Ingredient Spotlight: Conjugated Linoleic Acid

September 19, 2011
Brian Tanzer

CLA, or conjugated linoleic acid, is a mixture of 28 isomers-compounds with the same molecular formulas but different structural formulas. CLA is a naturally occurring fatty acid most commonly found in dairy and in beef from ruminant animals able to synthesize it from the omega-6 fatty acid linoleic acid. Average intake of CLA by humans is estimated at around 130 to 440 mg/day.(1) The largest percentage of CLA in the diet (about 90%) is composed of the cis-9-trans-11 isomer (c9,t11).(2)

CLA, or conjugated linoleic acid, is a mixture of 28 isomers-compounds with the same molecular formulas but different structural formulas. CLA is a naturally occurring fatty acid most commonly found in dairy and in beef from ruminant animals able to synthesize it from the omega-6 fatty acid linoleic acid. Average intake of CLA by humans is estimated at around 130 to 440 mg/day.(1) The largest percentage of CLA in the diet (about 90%) is composed of the cis-9-trans-11 isomer (c9,t11).(2)

CLA was discovered back in the late 1980s when Michael Pariza, PhD, and colleagues at the University of Wisconsin-Madison were investigating the carcinogenic properties of grilled beef.(3) To the surprise of Dr. Pariza, the fatty acids in the grilled beef exhibited significant anticarcinogenic, rather than procarcinogenic, properties. Since this discovery, CLA has been widely investigated and shown to have significant biological effects in animal models, cell culture, and humans. Most of the studies are related to CLA’s anticarcinogenic and antiadipogenic effects, and its ability to influence body weight, body fat, and lean body mass.(4)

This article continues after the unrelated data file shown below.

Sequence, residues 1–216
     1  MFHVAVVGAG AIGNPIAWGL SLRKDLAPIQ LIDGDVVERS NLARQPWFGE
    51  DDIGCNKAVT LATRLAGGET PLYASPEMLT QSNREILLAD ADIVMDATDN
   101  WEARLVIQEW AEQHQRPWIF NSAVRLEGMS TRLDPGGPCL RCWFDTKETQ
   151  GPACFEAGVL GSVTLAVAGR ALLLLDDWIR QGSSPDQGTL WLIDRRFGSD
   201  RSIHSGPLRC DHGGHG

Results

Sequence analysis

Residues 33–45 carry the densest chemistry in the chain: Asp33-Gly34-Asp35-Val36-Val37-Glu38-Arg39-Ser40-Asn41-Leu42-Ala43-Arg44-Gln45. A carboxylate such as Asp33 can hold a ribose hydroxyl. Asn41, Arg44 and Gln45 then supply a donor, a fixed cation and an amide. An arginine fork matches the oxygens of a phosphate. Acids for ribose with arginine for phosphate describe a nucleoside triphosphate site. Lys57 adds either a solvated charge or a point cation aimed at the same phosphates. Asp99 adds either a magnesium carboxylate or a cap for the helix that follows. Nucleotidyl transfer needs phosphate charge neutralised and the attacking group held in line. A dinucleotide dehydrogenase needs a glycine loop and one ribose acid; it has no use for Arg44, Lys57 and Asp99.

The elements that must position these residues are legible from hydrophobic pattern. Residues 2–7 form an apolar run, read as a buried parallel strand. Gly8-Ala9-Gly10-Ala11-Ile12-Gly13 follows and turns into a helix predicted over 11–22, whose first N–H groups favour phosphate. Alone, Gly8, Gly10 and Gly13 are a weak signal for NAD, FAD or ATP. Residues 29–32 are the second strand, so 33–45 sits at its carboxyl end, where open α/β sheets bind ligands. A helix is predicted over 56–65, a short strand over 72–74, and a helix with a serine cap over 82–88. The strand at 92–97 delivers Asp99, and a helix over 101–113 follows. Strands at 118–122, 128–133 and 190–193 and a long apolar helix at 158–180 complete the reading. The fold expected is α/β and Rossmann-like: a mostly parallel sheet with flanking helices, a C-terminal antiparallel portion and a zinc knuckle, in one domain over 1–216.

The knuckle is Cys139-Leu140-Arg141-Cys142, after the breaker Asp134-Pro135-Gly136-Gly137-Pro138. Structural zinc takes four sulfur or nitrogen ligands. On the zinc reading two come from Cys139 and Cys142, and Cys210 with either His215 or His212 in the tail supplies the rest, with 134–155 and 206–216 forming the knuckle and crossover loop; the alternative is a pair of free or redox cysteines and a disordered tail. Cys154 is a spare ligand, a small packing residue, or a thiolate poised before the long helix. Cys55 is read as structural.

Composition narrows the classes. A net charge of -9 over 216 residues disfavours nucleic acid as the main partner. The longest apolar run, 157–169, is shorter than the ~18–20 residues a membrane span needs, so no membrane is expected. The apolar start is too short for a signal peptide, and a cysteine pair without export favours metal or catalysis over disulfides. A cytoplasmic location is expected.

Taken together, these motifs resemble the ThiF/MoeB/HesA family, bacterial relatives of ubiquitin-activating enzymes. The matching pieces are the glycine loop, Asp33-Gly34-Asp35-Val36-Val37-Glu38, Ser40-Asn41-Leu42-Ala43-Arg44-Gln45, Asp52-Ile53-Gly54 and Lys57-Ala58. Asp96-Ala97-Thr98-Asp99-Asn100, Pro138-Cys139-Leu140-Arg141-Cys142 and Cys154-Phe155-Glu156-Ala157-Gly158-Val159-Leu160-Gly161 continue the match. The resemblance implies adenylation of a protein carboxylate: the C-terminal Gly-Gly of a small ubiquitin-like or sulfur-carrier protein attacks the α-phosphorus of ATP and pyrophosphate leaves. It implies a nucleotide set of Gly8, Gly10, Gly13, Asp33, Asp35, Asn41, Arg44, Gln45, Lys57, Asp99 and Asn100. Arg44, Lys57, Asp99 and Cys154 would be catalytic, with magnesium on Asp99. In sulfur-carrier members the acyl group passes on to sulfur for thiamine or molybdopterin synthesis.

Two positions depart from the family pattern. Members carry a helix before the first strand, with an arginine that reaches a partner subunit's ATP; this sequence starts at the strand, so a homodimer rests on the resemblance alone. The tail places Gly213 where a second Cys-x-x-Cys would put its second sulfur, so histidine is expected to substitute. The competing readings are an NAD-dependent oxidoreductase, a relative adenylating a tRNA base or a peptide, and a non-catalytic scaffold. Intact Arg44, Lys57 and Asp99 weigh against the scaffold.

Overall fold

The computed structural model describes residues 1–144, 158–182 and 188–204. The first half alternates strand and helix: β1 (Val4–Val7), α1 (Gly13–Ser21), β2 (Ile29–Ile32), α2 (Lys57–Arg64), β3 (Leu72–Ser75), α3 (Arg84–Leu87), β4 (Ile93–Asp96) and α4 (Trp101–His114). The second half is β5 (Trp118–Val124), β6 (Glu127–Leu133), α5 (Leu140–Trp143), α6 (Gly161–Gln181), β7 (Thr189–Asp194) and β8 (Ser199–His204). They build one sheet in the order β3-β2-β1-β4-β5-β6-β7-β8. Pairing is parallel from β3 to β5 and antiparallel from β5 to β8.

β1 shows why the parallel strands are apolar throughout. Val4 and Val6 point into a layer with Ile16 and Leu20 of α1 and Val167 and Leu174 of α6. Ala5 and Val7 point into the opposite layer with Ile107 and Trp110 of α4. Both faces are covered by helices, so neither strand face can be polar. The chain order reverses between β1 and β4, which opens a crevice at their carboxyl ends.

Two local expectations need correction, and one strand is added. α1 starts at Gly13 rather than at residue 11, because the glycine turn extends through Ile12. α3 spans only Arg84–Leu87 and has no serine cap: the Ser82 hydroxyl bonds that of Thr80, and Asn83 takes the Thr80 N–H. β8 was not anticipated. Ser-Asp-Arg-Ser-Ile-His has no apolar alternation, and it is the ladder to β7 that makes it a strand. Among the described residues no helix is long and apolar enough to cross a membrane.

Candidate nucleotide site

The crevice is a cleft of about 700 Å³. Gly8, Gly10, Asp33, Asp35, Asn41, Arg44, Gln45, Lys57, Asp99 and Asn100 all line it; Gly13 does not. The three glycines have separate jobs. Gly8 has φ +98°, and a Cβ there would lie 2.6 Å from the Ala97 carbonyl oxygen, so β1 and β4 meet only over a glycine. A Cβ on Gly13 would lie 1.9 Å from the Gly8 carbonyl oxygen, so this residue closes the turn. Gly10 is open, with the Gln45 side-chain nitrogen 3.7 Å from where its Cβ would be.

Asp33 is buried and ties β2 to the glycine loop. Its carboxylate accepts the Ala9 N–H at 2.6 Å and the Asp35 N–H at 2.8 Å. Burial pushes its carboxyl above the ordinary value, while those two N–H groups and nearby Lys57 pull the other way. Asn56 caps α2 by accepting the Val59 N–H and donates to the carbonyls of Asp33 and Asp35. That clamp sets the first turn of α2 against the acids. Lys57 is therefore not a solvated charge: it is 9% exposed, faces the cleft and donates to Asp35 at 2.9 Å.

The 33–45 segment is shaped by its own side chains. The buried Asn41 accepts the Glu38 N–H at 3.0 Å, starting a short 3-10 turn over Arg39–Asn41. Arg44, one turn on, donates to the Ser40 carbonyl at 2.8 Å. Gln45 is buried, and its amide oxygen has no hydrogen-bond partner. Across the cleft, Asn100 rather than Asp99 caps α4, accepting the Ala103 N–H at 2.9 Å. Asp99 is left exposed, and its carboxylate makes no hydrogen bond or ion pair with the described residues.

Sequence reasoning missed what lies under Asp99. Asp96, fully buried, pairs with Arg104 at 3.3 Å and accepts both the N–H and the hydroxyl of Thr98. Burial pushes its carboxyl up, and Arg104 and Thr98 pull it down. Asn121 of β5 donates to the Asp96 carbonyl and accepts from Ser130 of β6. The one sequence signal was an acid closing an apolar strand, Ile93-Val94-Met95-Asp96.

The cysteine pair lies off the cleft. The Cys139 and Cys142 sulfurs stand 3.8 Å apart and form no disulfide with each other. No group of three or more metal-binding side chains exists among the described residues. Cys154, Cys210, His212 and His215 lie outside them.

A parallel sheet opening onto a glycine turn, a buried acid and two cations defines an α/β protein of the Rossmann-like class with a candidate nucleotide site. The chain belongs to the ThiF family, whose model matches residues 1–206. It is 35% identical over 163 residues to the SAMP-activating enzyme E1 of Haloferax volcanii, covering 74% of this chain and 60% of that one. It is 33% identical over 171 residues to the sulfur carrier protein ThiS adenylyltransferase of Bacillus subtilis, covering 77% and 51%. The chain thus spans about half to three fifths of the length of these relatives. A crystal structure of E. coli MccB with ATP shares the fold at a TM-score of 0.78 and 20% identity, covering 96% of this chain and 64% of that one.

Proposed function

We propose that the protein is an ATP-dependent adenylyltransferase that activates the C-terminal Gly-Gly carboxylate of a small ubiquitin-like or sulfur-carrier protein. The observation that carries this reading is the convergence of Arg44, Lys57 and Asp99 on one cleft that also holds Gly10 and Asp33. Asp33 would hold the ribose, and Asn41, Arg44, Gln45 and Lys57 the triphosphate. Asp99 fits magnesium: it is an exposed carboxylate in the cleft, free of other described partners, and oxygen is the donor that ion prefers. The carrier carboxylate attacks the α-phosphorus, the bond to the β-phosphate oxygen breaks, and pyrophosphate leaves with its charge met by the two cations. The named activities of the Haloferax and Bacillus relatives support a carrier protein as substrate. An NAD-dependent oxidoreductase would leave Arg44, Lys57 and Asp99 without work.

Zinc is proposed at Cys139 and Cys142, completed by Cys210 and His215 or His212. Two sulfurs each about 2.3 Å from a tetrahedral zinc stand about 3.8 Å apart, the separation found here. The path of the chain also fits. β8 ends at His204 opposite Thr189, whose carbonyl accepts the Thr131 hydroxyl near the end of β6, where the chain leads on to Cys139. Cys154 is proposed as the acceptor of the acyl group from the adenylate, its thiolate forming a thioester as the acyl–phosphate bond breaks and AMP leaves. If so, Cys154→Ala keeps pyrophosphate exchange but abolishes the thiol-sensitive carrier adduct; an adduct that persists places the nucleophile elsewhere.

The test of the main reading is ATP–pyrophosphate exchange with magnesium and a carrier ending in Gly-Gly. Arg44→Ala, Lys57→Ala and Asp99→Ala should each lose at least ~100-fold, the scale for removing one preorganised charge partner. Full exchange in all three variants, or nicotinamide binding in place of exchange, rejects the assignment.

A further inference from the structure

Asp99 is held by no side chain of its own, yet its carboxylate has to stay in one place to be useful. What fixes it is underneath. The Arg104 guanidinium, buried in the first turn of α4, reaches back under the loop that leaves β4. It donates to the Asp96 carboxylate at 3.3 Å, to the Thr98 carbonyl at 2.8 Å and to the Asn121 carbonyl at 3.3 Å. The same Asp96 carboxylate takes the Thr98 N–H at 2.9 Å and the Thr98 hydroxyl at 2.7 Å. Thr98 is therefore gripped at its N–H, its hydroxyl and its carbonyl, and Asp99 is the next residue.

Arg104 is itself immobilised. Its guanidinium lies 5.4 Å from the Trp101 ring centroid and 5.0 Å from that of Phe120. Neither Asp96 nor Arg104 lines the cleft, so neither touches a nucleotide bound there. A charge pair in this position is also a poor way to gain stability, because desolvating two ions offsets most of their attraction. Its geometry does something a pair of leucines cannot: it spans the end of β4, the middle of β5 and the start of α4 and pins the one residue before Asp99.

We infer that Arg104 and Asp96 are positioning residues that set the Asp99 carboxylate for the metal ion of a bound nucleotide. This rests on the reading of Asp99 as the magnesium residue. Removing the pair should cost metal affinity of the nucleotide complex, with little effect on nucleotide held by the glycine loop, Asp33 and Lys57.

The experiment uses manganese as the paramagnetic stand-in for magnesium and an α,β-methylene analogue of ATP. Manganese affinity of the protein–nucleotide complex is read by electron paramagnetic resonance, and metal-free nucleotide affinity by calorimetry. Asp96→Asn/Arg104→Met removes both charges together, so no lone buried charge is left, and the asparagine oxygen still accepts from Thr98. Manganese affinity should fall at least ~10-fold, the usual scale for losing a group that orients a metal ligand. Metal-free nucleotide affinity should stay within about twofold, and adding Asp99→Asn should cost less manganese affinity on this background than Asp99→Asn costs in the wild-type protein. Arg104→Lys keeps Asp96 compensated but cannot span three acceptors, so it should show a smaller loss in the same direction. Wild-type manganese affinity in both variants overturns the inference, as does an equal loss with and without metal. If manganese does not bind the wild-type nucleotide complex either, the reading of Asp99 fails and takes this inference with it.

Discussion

Biological Effects of CLA

Carcinogenesis
Many reports using in vivo and in vitro models have shown that CLA suppresses the development of multistage carcinogenesis at different sites.

CLA has been reported to affect initiation, promotion, and metastasis of breast, gastrointestinal, and prostate cancers in experimental animal models.(5,6) To date, there have only been a few case-control studies that have examined the relationship between CLA intake and cancer. Larsson and colleagues reported an inverse relationship between CLA intake and risk of colorectal cancer.(7) Significantly lower dietary intake and blood levels of CLA were found in individuals with breast cancer compared to those without breast cancer among postmenopausal women.(8) Two other studies showed no significant relationship between intake or adipose tissue concentration of CLA, and risk of breast cancer.(9,10) Several different cell lines have been studied as well as various animal models. Many of these studies show a benefit of the c9,t11 isomer of CLA in mammary cancer, but less conclusive results in gastrointestinal and prostate cancer.